Just now, steve said:

Often when we don't understand a teaching or experience, we reject it as not being consistent with our conceptual construct.

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Nancy Evans Bush speaks to disquieting experiences like this in her book Dancing Past the Dark: Distressing Near Death Experiences, which might be a useful reference for a lurker or for another member who might be stuggling with such experiences.

 

 

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I do not know for sure, but I have dreamed some crazy stuff.

 I asked Alfie "What's it all about?

I think the answer was influenced by a rabbit.

Failing to get an adequate answer from Alfie I turned to Ella.

Her response was, its Memorex.

 

Not to denigrate any ones reality, but I don't find Harvey, whom I visit with regularly, in his form, to be a reliable source of anything.

With the exception of were to graze, on some awesome grass.

And yes, I do recommend you put it your pipe and smoke it!

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Just now, dwai said:

The "universalizing" that is happening is a method of instruction. The teacher tells the seeker, "Verily, all is Brahman/Self". The student then goes through the process of introspection, listening to further commentary by the teacher until they come to the same realization.  At least, that's the way I see it.

 

Well, it is one thing to say "everything which I experience is Brahman," and quite another to say "everything anybody experiences, has ever experienced, or ever will experienced, and anything beyond experience is also Brahman." This is the leap Sam is talking about. 

 

And if realized masters are able to experience this, and thereby experience all knowledge, then they sort of suck for not curing cancer, introducing sanitation in ancient times, etc. 

 

Just now, dwai said:

Of course, there is -- that is called "realization". Is it an "experience" in the sense of subject-object? No. But with the realization, there is no longer any need for conceptualization, though it might be needed as a vehicle of explanation/dissemination. It is not inference or intuition, but a recognition of the "truth".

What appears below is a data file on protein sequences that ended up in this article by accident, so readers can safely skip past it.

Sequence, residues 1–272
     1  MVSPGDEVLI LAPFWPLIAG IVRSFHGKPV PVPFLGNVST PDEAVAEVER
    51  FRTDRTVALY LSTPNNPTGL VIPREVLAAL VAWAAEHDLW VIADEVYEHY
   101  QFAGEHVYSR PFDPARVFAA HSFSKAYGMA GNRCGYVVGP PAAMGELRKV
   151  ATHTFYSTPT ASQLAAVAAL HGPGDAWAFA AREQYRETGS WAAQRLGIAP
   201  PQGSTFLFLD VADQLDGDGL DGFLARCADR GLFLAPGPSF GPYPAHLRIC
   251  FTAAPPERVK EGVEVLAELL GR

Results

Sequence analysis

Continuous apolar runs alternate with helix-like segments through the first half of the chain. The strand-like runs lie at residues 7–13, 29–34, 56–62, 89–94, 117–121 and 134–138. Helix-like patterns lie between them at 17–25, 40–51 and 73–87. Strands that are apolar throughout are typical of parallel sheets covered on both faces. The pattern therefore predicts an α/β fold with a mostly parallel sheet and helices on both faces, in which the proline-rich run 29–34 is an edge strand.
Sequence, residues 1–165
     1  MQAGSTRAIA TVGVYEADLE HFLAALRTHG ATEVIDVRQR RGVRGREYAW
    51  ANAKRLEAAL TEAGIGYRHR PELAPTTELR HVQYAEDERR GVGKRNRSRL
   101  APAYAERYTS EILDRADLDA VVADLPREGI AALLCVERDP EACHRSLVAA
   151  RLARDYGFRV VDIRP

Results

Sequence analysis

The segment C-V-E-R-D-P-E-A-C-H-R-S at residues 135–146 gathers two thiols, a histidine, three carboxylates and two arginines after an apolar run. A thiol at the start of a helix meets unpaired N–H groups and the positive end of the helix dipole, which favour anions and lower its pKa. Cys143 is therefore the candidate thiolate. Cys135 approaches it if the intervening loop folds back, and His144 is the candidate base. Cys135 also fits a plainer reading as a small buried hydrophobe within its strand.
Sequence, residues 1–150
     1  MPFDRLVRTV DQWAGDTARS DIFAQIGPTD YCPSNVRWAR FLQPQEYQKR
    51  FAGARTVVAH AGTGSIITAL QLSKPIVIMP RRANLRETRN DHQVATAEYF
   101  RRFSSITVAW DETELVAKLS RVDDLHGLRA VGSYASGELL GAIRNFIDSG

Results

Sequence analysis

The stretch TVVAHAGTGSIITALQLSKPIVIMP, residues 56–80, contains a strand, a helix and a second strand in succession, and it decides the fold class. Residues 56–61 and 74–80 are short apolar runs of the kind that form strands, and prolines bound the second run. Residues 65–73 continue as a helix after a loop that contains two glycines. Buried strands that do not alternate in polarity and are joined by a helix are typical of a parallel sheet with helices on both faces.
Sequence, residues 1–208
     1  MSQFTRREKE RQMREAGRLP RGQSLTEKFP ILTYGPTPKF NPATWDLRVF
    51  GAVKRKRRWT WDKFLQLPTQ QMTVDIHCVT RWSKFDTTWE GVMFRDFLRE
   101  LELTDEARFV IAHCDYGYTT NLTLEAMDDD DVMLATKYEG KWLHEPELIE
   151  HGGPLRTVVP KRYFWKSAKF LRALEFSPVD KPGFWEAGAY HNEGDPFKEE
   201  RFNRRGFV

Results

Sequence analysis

For it to be incorrigible, it has to be direct experience. In other words, one would have to experience being all minds, and beyond all mind, simultaneously. 

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7 hours ago, steve said:

 

During a sleep yoga retreat a few years ago I asked this very question, if indeed someone has an experience of awareness during deep sleep how could there be memory of it in the total absence of any content or object of experience? The answer given was basically, through practice and direct experience I may one day have my question answered.

 

I had practice and direct experience of this and the conclusion I came to was it is dependent on memory .    One might be fully conscious of something and doing it , but later forget it  . So then there is no memory of 'being conscious' .

 

My experience was doing a meditation that required breaking the sleep cycle .   Since I could not remember doing it in the morning, and not sure I did do it, I started leaving myself a note  at night  saying I had done the meditation.  Some mornings, I would have sworn I slept all night , yet there was the note in the morning .

 

' Stream of Consciousness'  relies on memory  to string it all together like a film , otherwise consciousness is like  looking at  'stills'  - series of photographs and  forgetting the previous ones, each time a new one is seen .

 

 

 

7 hours ago, steve said:

 

 

I subsequently did have my question answered. My experience was much as you describe - no dream, no mental or physical activity, simply unbounded awareness blissfully aware of itself during sleep. Yet there was very clear memory of that experience upon awakening. How to label this? A type of dreamless dream? Awareness during deep sleep? Nirvakalpa samadhi? Since I practice in a Tibetan paradigm I go with a Tibetan label, the clear light of sleep. Here is a brief excerpt from my teacher’s book on the subject.

https://voiceofclearlight.org/2016/june-2016/609-june-2016-distinctions-between-dream-and-sleep-yoga

 

 

 

Hmmm , I never had that .   I have had this unusual experience often ;   I am lying there thinking I am asleep*  and I hear a noise , its not that I am woken up by the noise ,  or other stimulus but I am surprised that I am 'awake enough '   to be aware  ( but this probably is not when I am in a state of deep sleep ) .

 

*  what the hell does  ' thinking I am asleep '  mean ?     :D 

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53 minutes ago, forestofemptiness said:

This is the leap Sam is talking about. 

 

And if realized masters are able to experience this, and thereby experience all knowledge, then they sort of suck for not curing cancer, introducing sanitation in ancient times, etc. 

 

Why is “all knowledge” in the domain of this?
Knowledge of that kind is specific to the mind — Localized. To know more, the limitations of the mind need to be reduced.